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    Missouri Retailers Push Ethanol

    State legislation would remove pump labeling for fuel products containing the corn derivative.


    SPRINGFIELD, Mo. -- Missouri convenience store and agriculture leaders want to peel the ethanol labels off gasoline pumps.

    The yellow stickers that describe the 10 percent ethanol blend of some fuels are scaring motorists away and decreasing sales, according to the Missouri Corn Growers Association.

    Ethanol is made from corn and blended with petroleum. State law requires labels on any gas pumps that contain an ethanol mix. A bill by State Sen. John Cauthorn, (R-Mexico) would repeal that requirement, according to the Jefferson City (Mo.) News Tribune.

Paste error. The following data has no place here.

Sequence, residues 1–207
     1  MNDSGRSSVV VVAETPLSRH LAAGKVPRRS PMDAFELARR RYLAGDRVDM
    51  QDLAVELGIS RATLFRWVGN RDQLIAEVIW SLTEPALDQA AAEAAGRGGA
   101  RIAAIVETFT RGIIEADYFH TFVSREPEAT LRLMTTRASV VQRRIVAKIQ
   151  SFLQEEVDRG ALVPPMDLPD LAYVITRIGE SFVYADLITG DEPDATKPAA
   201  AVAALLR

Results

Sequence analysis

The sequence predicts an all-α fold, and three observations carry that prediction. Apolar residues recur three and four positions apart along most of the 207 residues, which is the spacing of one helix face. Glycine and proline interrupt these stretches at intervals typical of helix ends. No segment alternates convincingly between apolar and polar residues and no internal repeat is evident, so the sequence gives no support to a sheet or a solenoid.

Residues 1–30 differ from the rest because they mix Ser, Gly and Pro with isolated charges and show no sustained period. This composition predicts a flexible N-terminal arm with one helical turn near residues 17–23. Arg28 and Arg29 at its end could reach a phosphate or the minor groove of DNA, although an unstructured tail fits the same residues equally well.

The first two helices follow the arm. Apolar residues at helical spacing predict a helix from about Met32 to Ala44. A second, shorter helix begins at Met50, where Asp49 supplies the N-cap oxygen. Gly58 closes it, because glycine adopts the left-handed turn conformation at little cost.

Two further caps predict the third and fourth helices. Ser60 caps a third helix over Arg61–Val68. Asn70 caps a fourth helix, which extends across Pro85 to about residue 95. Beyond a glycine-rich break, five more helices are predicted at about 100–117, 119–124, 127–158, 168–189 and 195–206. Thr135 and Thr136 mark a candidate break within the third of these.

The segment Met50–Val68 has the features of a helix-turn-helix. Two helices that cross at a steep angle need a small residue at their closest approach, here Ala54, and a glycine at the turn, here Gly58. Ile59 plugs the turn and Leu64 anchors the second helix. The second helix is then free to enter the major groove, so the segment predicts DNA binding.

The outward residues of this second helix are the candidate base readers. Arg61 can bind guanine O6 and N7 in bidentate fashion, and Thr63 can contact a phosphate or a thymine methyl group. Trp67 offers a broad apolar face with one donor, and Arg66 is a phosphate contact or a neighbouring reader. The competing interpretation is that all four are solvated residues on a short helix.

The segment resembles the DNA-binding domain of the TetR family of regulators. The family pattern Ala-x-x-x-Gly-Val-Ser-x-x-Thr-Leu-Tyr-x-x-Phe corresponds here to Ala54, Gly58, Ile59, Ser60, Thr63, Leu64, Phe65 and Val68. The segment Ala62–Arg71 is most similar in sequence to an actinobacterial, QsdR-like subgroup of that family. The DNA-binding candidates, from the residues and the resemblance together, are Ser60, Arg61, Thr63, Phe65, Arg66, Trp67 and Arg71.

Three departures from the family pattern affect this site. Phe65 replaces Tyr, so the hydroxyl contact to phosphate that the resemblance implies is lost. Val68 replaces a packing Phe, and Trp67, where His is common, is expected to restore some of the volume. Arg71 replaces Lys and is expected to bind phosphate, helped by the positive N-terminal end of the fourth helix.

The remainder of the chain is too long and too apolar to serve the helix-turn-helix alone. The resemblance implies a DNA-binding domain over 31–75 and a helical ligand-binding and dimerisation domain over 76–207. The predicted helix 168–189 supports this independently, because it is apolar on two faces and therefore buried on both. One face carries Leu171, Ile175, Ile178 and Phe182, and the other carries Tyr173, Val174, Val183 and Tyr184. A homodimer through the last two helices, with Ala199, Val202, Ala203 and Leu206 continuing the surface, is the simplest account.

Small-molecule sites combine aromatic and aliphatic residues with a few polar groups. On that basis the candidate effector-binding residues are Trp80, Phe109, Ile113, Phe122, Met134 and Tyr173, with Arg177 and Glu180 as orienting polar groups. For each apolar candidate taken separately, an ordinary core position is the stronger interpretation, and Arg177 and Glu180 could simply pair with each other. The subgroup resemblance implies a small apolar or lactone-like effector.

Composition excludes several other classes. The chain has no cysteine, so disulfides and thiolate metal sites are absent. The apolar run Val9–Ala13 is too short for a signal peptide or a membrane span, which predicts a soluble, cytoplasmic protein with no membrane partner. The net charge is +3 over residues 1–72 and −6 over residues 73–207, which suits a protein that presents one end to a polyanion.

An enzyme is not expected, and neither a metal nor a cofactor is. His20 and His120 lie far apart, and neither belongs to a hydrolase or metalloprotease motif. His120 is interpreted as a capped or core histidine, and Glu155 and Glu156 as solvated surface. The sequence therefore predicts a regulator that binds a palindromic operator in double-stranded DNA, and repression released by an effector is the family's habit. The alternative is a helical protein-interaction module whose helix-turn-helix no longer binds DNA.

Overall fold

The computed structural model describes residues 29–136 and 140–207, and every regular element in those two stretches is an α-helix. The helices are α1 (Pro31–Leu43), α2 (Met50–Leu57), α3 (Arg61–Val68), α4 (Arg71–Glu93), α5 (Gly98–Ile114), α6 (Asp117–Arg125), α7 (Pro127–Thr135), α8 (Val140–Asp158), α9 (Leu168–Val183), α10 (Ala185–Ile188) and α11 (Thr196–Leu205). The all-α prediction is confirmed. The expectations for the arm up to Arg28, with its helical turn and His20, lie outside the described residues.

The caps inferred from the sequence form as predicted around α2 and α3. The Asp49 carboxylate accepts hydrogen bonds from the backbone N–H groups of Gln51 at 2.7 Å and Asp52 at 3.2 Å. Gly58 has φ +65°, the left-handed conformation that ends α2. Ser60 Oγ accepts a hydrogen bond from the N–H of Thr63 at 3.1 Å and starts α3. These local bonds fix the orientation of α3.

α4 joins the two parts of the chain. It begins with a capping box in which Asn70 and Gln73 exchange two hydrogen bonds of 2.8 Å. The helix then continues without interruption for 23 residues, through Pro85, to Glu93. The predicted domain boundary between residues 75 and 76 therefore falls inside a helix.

Convenience store and gas station owners statewide would prefer to get rid of all special labels on gasoline, said Ronald Leone, executive vice president of Missouri Petroleum Marketers and Convenience Store Association.

    If the ethanol labels were removed, motorists would have no way of knowing if there was ethanol in the gasoline. But under legislation passed last year, labels still would be required for fuel containing the additive MTBE.

    That additive, which is getting pashed out by states like California and Illinois, is intended to reduce harmful emissions and raise octane in gasoline, but it also has entered the groundwater in parts of Missouri after leaking from underground storage tanks.

    Leone said the new law could force MTBE labels to be placed on nearly all gas pumps, because regular fuel picks up traces of the additive when it passes through pipelines that had previously carried MTBE fuels.

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